The final stage is 5S Shitsuke or sustain, ensuring that the company continue to continually improve using the previous stages of 5S, maintain housekeeping, and conduct audits and so forth. 5S should become part of the culture of the business and the responsibility of everyone in the organization.





5S Definition Video



Implementing 5S


If you wish to implement a 5S Program then you will need conduct training and awareness sessions within your organization to ensure that everyone knows what is 5S and how it fits into an overall Lean Manufacturing implementation. These links will help with this process; 5S training will describe my format for any 5S training program, how to run in house 5S Training Course will give advice if you wish to train in house and hiring a 5S Consultant will help you find the right expert to help your company. You may also wish to purchase 5S training materials.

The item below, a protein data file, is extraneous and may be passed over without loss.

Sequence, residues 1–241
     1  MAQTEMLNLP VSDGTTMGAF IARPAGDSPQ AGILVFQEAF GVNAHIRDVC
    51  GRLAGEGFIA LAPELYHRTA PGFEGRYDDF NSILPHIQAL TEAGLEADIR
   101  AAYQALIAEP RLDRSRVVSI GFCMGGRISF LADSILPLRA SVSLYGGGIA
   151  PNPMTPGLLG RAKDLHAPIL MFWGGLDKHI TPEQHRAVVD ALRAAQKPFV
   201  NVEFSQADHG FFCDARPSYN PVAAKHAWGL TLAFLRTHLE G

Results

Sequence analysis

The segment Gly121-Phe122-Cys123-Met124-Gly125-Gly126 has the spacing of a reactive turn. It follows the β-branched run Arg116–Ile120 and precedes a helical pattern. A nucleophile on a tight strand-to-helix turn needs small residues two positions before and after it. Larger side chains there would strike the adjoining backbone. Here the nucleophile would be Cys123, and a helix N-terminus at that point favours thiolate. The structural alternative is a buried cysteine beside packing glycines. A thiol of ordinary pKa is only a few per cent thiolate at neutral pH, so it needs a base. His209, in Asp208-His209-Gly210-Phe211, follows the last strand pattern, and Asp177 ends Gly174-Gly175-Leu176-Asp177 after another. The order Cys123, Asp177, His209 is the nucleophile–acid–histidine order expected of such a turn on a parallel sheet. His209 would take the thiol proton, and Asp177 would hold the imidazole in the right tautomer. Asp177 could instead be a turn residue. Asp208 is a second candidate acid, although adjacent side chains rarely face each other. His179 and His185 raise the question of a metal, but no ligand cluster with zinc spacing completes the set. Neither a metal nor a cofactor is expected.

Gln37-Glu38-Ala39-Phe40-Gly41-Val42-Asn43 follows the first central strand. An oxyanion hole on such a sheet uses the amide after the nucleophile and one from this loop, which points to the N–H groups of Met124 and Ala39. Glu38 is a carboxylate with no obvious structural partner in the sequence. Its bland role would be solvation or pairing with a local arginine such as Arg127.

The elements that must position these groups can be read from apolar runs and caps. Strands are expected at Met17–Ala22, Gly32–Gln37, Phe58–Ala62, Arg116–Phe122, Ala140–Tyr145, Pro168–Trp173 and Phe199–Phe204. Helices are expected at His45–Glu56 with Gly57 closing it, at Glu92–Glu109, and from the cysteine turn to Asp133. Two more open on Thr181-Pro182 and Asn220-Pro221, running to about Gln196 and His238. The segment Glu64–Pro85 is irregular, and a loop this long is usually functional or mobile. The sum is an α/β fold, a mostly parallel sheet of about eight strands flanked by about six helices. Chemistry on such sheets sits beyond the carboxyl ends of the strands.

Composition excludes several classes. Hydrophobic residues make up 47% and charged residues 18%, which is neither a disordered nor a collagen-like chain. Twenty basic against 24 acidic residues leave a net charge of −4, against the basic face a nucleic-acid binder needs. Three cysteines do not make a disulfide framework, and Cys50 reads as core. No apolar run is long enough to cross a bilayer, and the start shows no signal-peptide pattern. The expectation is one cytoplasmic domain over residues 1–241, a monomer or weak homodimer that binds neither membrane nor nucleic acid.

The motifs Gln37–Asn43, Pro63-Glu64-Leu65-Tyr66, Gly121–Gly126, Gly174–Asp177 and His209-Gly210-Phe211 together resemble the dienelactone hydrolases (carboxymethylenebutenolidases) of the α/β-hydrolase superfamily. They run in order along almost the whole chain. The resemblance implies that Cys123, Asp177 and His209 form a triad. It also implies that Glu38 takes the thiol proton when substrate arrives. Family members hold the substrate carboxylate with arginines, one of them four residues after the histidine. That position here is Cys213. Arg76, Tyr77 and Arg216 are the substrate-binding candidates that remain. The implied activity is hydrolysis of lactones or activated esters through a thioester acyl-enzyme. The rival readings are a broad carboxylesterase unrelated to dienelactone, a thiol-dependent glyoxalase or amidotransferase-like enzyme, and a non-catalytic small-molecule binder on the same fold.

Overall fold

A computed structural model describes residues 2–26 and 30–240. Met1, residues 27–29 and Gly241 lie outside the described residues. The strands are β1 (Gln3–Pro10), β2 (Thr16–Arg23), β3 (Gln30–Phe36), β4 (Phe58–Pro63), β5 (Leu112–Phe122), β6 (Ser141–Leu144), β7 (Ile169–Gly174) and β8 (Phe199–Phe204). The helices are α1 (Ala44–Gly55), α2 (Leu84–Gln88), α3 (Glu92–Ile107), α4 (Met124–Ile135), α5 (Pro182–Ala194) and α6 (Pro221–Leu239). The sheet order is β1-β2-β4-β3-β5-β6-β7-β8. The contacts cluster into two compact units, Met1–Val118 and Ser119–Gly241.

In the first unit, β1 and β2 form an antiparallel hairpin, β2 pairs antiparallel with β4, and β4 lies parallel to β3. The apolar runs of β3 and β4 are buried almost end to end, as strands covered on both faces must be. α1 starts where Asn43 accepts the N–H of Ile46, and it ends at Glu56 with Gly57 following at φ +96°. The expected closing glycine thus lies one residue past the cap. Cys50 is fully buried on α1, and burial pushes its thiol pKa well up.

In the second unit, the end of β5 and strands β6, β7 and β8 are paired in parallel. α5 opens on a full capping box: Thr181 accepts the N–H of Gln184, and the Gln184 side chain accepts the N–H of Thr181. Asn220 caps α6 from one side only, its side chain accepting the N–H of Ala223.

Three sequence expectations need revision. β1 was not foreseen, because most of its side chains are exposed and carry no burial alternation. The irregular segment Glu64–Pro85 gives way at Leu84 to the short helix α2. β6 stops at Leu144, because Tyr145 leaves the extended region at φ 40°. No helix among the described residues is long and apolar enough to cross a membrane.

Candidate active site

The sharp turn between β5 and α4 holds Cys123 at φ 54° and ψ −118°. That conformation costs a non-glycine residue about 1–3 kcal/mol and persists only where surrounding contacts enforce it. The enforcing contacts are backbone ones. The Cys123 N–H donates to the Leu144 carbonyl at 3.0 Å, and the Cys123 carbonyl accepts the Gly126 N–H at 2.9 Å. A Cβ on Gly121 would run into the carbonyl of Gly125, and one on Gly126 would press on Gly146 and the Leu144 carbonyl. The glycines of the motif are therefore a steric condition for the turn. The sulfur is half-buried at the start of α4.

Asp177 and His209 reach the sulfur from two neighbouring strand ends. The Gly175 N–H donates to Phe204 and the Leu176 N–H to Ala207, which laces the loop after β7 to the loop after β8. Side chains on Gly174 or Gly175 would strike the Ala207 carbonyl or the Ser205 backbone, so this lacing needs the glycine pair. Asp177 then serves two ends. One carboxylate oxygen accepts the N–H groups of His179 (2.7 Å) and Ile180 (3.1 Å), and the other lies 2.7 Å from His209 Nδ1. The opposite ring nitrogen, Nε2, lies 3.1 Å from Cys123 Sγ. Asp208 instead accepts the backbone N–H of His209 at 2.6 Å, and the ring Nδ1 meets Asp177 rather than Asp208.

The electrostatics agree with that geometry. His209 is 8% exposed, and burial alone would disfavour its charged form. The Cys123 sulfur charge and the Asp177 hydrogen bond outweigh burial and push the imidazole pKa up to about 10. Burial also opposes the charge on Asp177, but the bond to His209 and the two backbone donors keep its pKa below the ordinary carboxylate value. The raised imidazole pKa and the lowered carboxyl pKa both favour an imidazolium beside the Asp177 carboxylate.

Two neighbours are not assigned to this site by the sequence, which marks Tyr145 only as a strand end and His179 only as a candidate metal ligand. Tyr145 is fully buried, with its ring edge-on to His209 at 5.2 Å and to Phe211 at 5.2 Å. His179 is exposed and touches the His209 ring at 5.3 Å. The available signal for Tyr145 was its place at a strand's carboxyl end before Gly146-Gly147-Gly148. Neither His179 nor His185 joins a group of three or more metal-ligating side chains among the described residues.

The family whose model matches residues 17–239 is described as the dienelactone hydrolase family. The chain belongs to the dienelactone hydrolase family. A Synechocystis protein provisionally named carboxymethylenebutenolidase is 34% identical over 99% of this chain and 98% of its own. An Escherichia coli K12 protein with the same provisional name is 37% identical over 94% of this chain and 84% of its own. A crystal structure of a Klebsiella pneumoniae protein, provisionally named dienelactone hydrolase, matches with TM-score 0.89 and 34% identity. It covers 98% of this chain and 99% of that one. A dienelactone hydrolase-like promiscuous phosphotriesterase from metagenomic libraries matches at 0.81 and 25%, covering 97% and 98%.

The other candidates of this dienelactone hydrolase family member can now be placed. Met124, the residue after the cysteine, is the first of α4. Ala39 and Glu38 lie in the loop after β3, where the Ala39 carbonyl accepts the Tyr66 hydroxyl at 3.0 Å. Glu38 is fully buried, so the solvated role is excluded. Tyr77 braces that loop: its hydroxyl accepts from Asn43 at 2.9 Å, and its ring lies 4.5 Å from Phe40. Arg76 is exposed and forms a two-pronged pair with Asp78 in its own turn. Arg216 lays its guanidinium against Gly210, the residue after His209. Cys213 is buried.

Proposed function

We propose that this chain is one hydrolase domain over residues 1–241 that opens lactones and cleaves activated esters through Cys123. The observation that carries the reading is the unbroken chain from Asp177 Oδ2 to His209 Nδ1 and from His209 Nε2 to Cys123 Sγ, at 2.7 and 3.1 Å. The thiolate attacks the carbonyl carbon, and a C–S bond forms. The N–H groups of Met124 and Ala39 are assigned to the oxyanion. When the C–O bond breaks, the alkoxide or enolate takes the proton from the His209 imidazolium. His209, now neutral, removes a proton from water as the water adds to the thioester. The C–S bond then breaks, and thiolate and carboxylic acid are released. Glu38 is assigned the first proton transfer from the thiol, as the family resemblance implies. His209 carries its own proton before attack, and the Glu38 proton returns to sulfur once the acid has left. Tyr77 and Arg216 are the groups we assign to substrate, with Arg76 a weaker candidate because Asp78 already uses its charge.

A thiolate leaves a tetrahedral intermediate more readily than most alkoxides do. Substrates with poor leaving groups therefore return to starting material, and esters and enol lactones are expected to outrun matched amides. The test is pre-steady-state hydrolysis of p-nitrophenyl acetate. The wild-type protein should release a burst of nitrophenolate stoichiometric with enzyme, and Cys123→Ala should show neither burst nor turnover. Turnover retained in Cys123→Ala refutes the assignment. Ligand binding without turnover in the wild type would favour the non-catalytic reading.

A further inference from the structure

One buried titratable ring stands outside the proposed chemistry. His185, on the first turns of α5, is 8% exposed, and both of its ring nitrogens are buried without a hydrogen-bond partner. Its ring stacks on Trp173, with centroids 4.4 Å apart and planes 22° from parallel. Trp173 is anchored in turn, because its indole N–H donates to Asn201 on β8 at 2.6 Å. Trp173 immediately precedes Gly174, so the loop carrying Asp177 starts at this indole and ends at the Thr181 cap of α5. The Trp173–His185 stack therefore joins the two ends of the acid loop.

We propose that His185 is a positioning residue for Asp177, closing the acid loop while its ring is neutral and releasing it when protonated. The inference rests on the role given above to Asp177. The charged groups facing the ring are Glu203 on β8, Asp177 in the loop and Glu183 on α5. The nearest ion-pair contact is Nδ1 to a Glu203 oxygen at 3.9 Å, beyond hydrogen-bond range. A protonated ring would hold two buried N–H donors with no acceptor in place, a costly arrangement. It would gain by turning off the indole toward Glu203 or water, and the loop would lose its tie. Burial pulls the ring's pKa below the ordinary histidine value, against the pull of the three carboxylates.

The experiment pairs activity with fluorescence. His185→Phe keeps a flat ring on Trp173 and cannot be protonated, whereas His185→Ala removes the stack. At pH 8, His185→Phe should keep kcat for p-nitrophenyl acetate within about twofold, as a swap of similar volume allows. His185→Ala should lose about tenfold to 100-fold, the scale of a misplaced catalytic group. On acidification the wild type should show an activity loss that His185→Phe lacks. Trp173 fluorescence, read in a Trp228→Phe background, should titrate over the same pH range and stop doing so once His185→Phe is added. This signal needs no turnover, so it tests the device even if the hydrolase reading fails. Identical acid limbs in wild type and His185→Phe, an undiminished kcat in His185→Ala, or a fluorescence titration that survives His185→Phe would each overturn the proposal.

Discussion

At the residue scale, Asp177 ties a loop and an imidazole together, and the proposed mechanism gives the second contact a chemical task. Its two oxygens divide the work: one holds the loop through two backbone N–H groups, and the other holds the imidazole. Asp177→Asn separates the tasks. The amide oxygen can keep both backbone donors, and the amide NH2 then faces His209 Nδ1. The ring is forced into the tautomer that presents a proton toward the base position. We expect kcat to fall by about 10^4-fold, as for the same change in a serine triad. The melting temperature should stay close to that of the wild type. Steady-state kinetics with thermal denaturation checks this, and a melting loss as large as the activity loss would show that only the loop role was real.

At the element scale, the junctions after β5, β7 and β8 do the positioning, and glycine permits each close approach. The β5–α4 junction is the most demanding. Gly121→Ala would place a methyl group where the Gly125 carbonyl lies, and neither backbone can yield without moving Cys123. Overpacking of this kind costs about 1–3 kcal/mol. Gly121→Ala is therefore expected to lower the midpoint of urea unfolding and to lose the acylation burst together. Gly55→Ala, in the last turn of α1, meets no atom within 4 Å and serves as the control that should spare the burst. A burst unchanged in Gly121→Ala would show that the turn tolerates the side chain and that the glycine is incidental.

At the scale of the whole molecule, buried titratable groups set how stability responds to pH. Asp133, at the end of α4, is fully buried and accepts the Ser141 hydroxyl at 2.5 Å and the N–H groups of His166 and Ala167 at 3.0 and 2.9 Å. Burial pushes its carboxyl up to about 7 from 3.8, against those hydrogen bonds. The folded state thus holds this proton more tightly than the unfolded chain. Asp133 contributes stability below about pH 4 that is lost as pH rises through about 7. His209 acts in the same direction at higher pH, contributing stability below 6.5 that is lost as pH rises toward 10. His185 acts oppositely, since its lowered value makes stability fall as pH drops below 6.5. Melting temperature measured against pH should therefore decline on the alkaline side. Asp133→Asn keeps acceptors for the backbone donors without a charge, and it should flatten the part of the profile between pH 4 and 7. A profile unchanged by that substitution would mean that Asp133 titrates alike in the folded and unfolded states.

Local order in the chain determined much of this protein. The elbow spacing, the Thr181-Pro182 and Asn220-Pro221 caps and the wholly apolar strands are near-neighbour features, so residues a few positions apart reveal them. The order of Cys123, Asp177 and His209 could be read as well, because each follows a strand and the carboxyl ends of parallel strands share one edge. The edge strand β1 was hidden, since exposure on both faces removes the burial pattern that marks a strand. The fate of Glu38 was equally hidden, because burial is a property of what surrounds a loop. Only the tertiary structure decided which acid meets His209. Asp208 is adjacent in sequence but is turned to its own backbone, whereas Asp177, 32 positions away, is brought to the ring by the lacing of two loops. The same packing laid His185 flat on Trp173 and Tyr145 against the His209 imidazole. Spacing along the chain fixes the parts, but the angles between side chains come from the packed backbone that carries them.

5S Resources


The following are a selection of resources that may support your 5S implementation;

  • 5S Pocket Guides as quick reference aids that ca be carried by anyone.
  • 5S DVDs as a helpful training aid or as a general reminder for your workforce.
  • 5S Books which can provide helpful advice, these are also available as 5S eBooks to download.
  • 5S Supplies such as floor marking tapes and red tags.
  • 5S games and simulations to make training more fun and relevant.
  • 5S Posters  which can ensure your message remains current.


If you would like more information with regard to what is 5S  (Seiri, Seiton, Seiso, Seiketsu, Shitsuke) or have any questions regarding this 5S definition then feel free to leave any questions or comments in the box below.